Leaps of Faith in Traditional Styles
In the Winter 2012 issue of New South, Georgia State University’s Journal of Art & Literature, we’re welcomed by a cover drawing of a man in free fall, hat left behind, necktie whipping across his shoulder. Fitting, perhaps, as this is the first printed edition of the journal put together by an entirely new editorial staff.
The first lines of Gregg Murray’s opening poem, “Some Translations for Arturo de Benedicto,” proclaim, “When she was done I heard her in the hallway and then, / farther, in the lot, and then, farther, in the street, and then, / farther, on the highways and in the fields and in the woods and / even as far far away as my mind’s final rooms.”
New South hopes for its work to have the same impact, no doubt. In the forward, Editor-in-Chief, Matt Sailor, even makes mention of the journal’s mission since its inception five years ago (formerly GSU Review) to build “a national reputation.” New South is certainly on its way.
But to accomplish that end, the leap for the new staff of New South isn’t as risky as you might expect. Not that that’s a bad thing. The journal’s 109 pages are dedicated evenly to poetry and fiction and include a photo essay. Barring a few exceptions, the works lean more towards the conventional in style and subject matter. Nothing overly edgy or experimental here. The issue sticks to a safe lineup – there are no first-time published writers in this one – of largely professors, published authors, and MFAs (that being said, if you plan to submit, you best bring your A-game and probably some pretty decent credits). Thematically, many of the works are actually less about taking a leap of faith and more about clinging to solid ground.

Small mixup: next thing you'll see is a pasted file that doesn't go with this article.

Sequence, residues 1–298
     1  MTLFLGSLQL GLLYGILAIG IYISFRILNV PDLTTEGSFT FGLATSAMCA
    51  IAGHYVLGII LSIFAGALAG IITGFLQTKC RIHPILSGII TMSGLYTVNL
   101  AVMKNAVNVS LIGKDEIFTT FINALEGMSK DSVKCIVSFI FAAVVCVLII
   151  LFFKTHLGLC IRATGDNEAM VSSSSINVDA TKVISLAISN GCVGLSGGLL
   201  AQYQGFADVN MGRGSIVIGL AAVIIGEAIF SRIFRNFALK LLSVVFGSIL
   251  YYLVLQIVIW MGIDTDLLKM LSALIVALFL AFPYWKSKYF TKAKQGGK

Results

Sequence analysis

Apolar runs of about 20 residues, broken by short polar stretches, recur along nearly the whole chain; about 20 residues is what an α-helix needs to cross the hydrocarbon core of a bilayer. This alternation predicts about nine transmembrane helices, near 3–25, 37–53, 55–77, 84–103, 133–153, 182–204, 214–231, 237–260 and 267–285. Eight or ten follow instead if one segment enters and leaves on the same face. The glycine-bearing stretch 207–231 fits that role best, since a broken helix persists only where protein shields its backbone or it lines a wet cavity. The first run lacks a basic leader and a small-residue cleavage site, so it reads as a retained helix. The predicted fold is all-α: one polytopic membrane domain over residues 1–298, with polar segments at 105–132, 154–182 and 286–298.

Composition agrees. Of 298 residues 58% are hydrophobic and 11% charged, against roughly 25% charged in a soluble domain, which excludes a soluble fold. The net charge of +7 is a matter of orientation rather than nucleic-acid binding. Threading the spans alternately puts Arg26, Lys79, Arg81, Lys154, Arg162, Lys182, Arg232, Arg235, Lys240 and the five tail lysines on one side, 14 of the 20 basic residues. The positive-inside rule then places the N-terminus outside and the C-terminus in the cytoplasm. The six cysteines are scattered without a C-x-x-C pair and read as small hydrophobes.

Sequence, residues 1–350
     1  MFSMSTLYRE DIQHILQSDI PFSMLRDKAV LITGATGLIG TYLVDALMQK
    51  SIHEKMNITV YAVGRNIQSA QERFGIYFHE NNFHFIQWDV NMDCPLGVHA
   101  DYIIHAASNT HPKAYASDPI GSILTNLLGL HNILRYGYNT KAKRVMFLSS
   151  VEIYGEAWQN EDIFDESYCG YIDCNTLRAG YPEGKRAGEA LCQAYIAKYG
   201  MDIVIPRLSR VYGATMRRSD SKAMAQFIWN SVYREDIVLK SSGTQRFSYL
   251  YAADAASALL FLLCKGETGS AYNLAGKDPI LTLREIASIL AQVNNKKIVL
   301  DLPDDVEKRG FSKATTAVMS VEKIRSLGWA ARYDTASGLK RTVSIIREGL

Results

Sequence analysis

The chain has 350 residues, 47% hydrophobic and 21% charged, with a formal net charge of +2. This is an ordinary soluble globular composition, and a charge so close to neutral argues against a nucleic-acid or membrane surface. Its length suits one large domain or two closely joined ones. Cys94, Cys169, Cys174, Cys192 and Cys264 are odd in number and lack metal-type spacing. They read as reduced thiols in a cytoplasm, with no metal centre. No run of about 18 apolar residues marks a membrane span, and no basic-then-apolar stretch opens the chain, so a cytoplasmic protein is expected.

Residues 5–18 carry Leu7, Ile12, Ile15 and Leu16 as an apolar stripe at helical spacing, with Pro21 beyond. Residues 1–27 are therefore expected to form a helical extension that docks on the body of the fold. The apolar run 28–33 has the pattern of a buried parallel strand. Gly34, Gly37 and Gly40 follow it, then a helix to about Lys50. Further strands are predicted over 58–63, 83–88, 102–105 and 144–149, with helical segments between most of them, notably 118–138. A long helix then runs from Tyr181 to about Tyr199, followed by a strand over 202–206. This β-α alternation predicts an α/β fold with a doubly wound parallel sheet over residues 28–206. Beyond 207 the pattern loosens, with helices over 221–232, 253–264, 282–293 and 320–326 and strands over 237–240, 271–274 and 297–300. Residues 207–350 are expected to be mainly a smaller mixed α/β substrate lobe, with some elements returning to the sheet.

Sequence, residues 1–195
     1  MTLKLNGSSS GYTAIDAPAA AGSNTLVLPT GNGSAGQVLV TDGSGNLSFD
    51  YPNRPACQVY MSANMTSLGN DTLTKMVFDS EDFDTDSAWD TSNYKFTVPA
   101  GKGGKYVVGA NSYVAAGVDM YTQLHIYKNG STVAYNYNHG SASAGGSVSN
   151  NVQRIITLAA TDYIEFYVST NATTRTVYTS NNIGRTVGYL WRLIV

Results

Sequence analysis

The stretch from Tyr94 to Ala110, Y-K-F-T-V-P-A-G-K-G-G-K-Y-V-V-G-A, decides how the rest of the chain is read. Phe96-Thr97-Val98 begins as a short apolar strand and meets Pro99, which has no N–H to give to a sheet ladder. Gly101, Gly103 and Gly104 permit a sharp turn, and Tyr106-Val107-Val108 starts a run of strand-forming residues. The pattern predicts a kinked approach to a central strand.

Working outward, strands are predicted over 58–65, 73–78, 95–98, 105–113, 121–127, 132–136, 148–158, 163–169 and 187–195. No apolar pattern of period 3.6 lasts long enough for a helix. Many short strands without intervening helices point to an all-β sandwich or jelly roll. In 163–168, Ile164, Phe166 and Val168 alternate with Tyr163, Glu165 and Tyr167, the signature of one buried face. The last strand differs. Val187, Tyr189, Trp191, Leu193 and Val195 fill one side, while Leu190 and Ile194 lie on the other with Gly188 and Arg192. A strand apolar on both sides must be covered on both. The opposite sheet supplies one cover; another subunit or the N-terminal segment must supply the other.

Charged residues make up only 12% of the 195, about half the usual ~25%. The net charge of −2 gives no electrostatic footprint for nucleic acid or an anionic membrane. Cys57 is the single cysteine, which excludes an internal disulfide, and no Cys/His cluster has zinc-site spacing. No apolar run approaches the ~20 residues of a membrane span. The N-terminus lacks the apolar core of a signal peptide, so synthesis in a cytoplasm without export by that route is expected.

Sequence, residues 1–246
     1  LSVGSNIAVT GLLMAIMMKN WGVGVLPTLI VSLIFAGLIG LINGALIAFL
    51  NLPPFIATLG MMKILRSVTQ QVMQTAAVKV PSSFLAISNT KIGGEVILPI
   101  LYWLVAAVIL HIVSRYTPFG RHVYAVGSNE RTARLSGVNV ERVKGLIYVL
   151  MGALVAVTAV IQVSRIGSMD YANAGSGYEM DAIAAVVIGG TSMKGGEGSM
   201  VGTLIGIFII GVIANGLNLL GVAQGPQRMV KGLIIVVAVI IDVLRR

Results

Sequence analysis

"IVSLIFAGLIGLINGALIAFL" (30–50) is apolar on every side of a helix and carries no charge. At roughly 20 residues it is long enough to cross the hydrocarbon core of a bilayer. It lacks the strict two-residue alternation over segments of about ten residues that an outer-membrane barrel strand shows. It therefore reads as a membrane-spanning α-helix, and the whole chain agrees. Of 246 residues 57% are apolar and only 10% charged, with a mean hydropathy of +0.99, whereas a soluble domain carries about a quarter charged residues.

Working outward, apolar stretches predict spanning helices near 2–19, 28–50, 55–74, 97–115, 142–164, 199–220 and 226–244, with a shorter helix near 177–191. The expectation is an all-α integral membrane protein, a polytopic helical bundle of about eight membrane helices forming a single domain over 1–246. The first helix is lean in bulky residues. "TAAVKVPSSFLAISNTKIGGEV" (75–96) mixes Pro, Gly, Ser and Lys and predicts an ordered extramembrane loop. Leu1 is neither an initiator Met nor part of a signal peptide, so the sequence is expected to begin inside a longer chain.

There are five fiction selections, all well-crafted and affecting, ranging in length from six to twenty-three pages. The stories are generally straight-forward, with the exception of Julie Marie Wade’s “Anointing of the Sick,” a weirdly entertaining piece referring to the Christian healing sacrament for those ill or dying. Did I understand it? Not really, not fully. But that didn’t keep me from appreciating its originality, or the way Wade played with language and form, shifting periodically from story to poem (“The Western Pennsylvania hospital shone like Helios over a vast and crowded horizon. I’m more Sisyphus than Icarus any day, I say. (Is this not the book of myths? Am I not entitled?) Let me keep rolling gladly this stone over those stodgy hills.")
Other highlights were Rebecca Makkai’s, “Our Plastic-American Brethren,” about a Vietnam Vet teaching First Aid & CPR, battling with his inability to save his fellow soldiers, his wife, and his eating-disordered daughter from the clutches of death and sickness, and Jenn Scott’s “Honor, Milady” about a young woman coming home and confronting her past after her sister’s husband – who she’d had ongoing relations with – dies. These stories have it all: wit, complexity, flawless rhythm, and vivid imagery (Makkai describes the protagonist’s daughter as having “skin that was now tissue paper” and “ribs that he was sure would crack like candy canes”; Wade paints the widowed sister as “small boned and smooth, narrow like a coffin”). They’re among the better stories I’ve read anywhere in a while. Makkai’s short fiction, in particular, is widely recognized and her debut novel, “The Borrower,” has landed high praise.